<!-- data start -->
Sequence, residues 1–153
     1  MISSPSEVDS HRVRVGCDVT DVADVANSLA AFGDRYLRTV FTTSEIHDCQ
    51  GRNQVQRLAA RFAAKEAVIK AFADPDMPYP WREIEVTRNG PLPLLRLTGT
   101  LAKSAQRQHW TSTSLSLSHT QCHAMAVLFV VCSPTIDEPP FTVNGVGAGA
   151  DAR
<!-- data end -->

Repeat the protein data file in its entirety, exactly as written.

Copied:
Sequence, residues 1–153
     1  MISSPSEVDS HRVRVGCDVT DVADVANSLA AFGDRYLRTV FTTSEIHDCQ
    51  GRNQVQRLAA RFAAKEAVIK AFADPDMPYP WREIEVTRNG PLPLLRLTGT
   101  LAKSAQRQHW TSTSLSLSHT QCHAMAVLFV VCSPTIDEPP FTVNGVGAGA
   151  DAR